By Zachary Roth / Yahoo! News
By fleeing the state last month, Wisconsin Democrats succeeded in stymieing–for now–GOP Gov. Scott Walker’s controversial bid to end collective bargaining rights for many public-sector workers. But that doesn’t mean things are settling back to normal in the Badger State–in fact, tensions over the standoff are running higher than ever.
Last night, one Democratic lawmaker, Rep. Nick Milroy, was physically tackled by Capitol police when he tried to enter the building to retrieve some clothes after meeting with constituents outside. In response to the enormous protests from union supporters, state officials have been allowing only a limited number of people into the Capitol this week, despite a judge’s order saying it must remain open to the public. You can watch raw footage of the incident from the local ABC affiliate after the jump.
Meanwhile, Walker and his fellow Republicans have been doing whatever they can to pressure Senate Democrats to return to Madison from their self-imposed exile. If even one runaway Democrat returns, that would give Republicans the quorum they need, under Senate rules, to pass the collective bargaining bill.
Senate Republicans voted yesterday to find their Democratic colleagues in contempt, issuing an “order to detain” that instructs law enforcement to round up the absent lawmakers and forcibly bring them to the Capitol. Senate Majority Leader Scott Fitzgerald accused Democrats of creating a “constitutional crisis,” and declared: “We simply cannot have democracy be held hostage because the minority wants to prove a point.” Fitzgerald added that citizens who see the Democrats in the state could report them to police. Some Democratic supporters called the order unconstitutional.
Meanwhile, Walker tried a different tack, saying yesterday he’d be forced to start sending layoff notices to 1,500 state workers today–saving the state an estimated $30 million–if the standoff over the bill continues. “Even today I hold out some hope that this can be resolved by the Senate coming back,” Walker told the Milwaukee Journal-Sentinel yesterday. “But by the end of the day tomorrow, we have a legal and a moral obligation to start forewarning people.”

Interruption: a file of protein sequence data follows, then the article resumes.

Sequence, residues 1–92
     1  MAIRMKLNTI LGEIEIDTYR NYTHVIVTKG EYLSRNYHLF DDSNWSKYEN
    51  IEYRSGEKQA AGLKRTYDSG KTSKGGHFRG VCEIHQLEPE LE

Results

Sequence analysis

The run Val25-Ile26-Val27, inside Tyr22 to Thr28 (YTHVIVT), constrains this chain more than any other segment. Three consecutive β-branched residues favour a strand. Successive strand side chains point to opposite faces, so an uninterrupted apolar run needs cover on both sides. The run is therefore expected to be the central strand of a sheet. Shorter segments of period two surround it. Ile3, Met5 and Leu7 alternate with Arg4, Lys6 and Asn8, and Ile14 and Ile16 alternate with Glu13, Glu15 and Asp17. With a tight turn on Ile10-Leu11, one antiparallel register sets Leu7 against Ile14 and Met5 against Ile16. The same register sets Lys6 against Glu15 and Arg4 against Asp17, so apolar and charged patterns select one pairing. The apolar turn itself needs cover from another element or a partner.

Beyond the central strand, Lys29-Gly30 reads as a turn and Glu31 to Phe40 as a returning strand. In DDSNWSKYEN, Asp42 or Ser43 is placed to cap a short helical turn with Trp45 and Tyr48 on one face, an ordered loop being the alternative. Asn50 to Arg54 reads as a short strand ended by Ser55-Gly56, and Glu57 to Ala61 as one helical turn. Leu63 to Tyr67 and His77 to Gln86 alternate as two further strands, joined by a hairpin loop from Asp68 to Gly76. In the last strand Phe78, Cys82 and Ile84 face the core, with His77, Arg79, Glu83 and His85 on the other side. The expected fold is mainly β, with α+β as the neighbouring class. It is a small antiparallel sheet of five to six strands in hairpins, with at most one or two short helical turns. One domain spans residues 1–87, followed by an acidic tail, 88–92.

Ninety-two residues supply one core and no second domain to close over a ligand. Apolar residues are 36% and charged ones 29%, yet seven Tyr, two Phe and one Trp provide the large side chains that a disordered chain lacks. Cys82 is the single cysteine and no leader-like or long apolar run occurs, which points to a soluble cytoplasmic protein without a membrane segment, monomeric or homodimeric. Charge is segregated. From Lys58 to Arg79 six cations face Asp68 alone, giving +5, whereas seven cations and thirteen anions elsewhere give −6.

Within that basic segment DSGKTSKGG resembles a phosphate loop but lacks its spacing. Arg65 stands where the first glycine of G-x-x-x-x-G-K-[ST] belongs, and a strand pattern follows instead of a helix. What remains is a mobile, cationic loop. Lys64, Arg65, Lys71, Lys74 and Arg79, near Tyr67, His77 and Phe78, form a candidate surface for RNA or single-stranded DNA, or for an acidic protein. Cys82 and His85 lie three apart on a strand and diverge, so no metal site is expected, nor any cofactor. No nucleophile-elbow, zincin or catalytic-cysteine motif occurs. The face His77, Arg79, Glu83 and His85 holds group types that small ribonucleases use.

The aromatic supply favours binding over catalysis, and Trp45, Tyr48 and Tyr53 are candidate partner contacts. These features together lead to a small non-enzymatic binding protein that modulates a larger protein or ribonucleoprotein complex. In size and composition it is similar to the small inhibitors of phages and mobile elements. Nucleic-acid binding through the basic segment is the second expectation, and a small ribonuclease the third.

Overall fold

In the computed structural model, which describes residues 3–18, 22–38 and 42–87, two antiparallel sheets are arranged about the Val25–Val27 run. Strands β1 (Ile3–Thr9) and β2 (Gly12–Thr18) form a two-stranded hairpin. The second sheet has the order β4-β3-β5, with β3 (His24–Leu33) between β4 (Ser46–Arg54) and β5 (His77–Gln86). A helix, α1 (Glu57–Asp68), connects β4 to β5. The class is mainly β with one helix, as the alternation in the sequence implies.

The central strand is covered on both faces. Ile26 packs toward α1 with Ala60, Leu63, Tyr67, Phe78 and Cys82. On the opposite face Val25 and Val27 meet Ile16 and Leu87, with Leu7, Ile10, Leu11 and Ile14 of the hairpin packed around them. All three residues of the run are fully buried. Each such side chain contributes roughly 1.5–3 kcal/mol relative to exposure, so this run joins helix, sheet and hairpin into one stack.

Democrats counter that Walker has plenty of other options. In a recent phone call with who Walker assumed was conservative financier David Koch–it was actually a blogger making a prank call–Walker mentioned that he planned to use the threat of layoffs against the Dems. “We might ratchet that up a little bit, you know,” he said.
Walker administration officials also appear to be working to discredit the mass protests, organized by unions and their supporters, that over the last few weeks have drawn outlandish comparisons to the popular uprisings that have toppled dictators in the Middle East. The state said that damage to the marble inside and outside the Capitol building where protesters have been camping out would cost an estimated $7.5 million to repair. Some observers questioned the reliability of that estimate.
In addition to ending collective-bargaining rights for most state workers, the bill at issue also would force most of them to pay more for benefits. Democrats say they’re willing to accept the benefits changes, but have drawn a line in the sand on collective bargaining, which labor unions view as a fundamental right.
Polls show that most Wisconsinites want public-sector workers to pay more–but also support their right to bargain collectively. And a majority of voters now disapprove of Walker’s performance as governor, according to one recent survey. Democrats are even talking about launching recall campaigns to oust some of the Senate Republicans.
To Watch a Video Report About This Subject, Click The Link Below: